How to give supportive feedback

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How to give supportive feedback

Receiving well delivered feedback is an important learning tool. Most people want to know how they performed, especially if things don’t go to plan.

Regular, well-delivered feedback can contribute to creating a culture of learning and development in the workplace focusing less on failure or success.

It is important to give feedback in a constructive, skilled way which leaves the employee feeling empowered and clear about how to improve rather than crushed and under-confident.

Giving and receiving feedback should be a two-way interaction. It requires the giver to be competent in giving feedback and the receiver to be open and willing to receive it.

There are certain things that will help this process:

Ahead of the meeting

Set up protected time in a confidential space. Make this meeting a priority and do not rearrange, postpone or cancel.

Let the employee know what the feedback is about ahead of the meeting. It might be a regular review, or it might be in relation to a specific subject.

Ensure that feedback is timely so that it is relevant for the employee and fresh in both your minds.

Make sure that you have a full understanding of the feedback you are giving. Do not give feedback on behalf of someone else.

During the meeting

Ask the employee what they felt about the issue you are feeding back about and how it went - active listening is a key skill here.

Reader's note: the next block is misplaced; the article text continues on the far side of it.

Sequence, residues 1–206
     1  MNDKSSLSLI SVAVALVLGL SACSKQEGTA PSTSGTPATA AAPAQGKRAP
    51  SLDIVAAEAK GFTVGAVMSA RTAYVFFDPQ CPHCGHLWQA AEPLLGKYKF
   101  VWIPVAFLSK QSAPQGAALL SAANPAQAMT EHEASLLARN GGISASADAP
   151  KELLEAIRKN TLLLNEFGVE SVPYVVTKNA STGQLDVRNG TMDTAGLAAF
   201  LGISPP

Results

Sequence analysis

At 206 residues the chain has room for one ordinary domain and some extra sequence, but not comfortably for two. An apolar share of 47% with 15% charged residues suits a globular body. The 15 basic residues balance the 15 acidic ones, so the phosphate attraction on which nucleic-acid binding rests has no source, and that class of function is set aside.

Be specific and have examples of the events you are feeding back about - this is for what went well and what could be improved on.

Be objective - do not make comments about personal characteristics of the person.

Don’t avoid difficult topics - plan carefully how you will raise them and remember key communication skills e.g. empathy will help.

Concluding the meeting
  • Agree steps on how to develop, modify or improve on the current task

  • Set a review date for feedback after the next task

  • Allow some space at the end of the meeting for the employee to mention anything else. Sometimes, the employee will only have the courage to say what is really on their mind right at the end of the meeting

  • Follow up via email with brief points of what was discussed so you are both clear on the actions going forward

Remember feedback does not always have to be given formally. Check in with your team regularly, and schedule one-to-ones so that they have space to bring up what might be concerning them. Establishing these practices will make it easier should you have to give difficult feedback.

If you have never learnt how to give feedback, ask your employer for some training. Practice giving feedback and ask for feedback on how you have delivered your feedback!


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